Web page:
TORONTO (Reuters) - A nightmare environmental project turned into a call to action for Austin, Texas entrepreneur Kristen Carney.
A couple years ago, while working for a large engineering consulting firm, Carney was hired to complete what she thought was a straightforward analysis: directly connect two roads that were currently joined by an intermediary road. More than 100 hours later and thousands of dollars over budget, a frustrated Carney felt there had to be an easier solution.
Carney complained about her ordeal to friend and software whiz Anthony Morales, who offered to design a program that could drastically reduce the time it took her to gather and format her data. Morales's software worked so well, they founded Cubit Planning www.cubitplanning.com, a Web-based platform that provides cut-and-paste ready environmental data.
“A lot of people say, ‘Hey, you’ve lived my nightmare,'” said Carney, who launched Cubit last year with just $2,000. She said their open-source technology operates in similar fashion to that used by stock websites. “They go out and they grab information from a bunch of different resources and they compile it nicely for you, so you can make a decision based on that data. That’s what we do, but for environmental engineers.”
Carney said every government engineering project requires a specific amount of environmental data (endangered species, hazardous materials, demographics, etc.) before being approved. “We grab different sets of information that the government needs before they can build their infrastructure project, to show that their project won’t have a negative impact on the environment,” said Carney.
The project that spawned Carney’s business started with just three engineering alternatives that ballooned to 27 once she was done collecting all the data. She said this was a major headache for everyone involved, from the people who make the maps from Carney’s data, to her boss who didn’t budget for the rapidly escalating project, to the engineers who ultimately build the roads and the client who pays for it all.
Carney said her software allows planners, like herself, to simply draw a line on a map and immediately access all the pertinent environmental impact data, which dramatically speeds up the entire process. “The reaction has just been amazing,” said Carney, adding: “The No. 1 thing we get is, ‘You save us so much time.'”
Last summer Cubit Planning caught the attention of Austin-based business incubator the Capital Factory, which offered a select group of local startups a small amount of seed funding and the benefit of their entrepreneurial expertise.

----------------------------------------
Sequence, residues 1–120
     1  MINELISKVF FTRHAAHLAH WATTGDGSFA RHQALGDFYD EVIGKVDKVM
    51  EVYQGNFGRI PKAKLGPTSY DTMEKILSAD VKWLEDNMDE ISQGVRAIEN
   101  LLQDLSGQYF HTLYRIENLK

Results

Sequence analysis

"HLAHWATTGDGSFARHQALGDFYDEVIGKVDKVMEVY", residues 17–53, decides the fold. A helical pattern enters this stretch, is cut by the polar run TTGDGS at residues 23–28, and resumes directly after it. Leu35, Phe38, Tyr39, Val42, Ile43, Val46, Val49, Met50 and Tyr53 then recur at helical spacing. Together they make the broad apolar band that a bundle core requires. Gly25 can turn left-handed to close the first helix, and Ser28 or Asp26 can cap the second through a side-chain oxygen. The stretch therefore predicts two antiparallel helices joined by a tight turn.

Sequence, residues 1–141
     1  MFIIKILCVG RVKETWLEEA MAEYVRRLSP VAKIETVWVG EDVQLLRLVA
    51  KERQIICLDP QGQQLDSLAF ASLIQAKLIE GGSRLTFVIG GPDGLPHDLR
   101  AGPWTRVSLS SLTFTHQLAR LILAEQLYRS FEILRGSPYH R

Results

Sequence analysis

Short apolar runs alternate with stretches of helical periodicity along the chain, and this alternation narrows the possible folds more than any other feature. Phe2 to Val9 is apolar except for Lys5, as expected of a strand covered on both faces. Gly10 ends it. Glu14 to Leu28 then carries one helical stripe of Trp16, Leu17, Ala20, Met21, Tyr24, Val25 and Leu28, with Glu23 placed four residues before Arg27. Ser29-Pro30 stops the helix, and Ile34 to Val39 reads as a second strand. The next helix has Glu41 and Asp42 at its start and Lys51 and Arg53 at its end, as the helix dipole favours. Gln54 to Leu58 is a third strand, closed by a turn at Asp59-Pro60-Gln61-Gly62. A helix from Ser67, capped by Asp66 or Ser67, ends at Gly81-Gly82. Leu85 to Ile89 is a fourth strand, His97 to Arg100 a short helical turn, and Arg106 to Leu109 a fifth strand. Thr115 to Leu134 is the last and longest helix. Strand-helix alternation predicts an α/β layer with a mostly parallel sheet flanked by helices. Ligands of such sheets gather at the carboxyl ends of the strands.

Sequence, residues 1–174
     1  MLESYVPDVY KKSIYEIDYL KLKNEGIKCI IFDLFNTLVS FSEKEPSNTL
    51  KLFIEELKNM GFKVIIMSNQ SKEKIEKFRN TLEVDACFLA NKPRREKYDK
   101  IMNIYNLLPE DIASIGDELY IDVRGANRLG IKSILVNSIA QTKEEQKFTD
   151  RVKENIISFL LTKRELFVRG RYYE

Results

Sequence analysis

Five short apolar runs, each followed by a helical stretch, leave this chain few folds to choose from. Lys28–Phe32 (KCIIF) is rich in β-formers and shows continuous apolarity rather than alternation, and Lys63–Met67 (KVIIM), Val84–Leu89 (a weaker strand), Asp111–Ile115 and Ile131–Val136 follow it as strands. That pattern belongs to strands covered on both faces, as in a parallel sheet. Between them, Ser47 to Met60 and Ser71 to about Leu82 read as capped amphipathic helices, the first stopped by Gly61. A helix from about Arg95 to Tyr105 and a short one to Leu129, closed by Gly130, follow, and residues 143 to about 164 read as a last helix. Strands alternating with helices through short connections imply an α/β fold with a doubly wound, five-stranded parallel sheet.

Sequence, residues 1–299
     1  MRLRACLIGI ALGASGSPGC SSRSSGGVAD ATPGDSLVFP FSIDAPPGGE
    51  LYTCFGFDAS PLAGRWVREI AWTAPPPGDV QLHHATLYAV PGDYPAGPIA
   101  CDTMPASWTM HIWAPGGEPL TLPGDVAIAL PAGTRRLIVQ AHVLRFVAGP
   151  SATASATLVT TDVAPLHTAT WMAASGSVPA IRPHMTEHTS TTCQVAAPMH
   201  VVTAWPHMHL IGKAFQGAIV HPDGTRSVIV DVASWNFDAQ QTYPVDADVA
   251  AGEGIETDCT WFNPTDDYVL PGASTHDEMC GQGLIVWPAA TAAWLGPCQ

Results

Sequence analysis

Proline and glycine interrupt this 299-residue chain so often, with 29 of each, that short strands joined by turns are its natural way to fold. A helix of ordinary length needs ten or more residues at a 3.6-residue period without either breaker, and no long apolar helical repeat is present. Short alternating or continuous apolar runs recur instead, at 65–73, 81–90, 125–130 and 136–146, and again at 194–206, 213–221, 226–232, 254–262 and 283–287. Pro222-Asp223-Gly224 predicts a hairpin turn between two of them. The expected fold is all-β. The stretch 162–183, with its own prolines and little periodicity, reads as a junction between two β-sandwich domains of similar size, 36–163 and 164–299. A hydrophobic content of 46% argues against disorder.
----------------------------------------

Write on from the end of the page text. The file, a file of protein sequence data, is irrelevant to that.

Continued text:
“We applied to Capital Factory, because neither of us had any type of business experience,” said Carney, who received “less than $16,000” in return for a small amount of equity in her company. “We needed someone to really say you need to set a price and you need to start charging for what you have today.”
Originally Carney charged $199 for each report, but just recently introduced a monthly subscription-based model, which ranges from $499 for five reports to $999 for up to 25 reports. The one-off cost has increased to $250 and Carney also said they will deal directly with each individual subscriber to work out a price for unlimited reports.
“So if it’s a massive railway project with 37 alternatives that would be a different price than a small-term lane project in a rural area,” said Carney, who estimated she needs to bring in 20 reports a month to be what she referred to as “Ramen profitable,” which is when the founders are making just enough to pay for the electricity and to feed themselves Ramen noodles.
Carney said her biggest challenge is to bang the drum on Cubit’s new technology and get it in front of the environmental engineers, policy makers and college students that comprise her target audience. “That’s a big problem that we have to solve,” she said. “This is an older industry, it’s a stodgier industry and it’s going to take some time to talk to people and build those relationships.”
Carney admitted business has been slow as the recession has led to fewer infrastructure projects being built, but she believes when the economy picks up again Cubit will be well-positioned to take advantage.
“The short term is very negative for our outlook,” said Carney, who pointed out that in 2008 there were 66,000 National Environmental Policy Act (NEPA) reports commissioned, adding the Obama Administration has pledged $1.5 billion in grants for new federal infrastructure projects. “When the money starts to shake loose, there could be a huge demand for this kind of time-saving product that we’re offering for engineering firms.”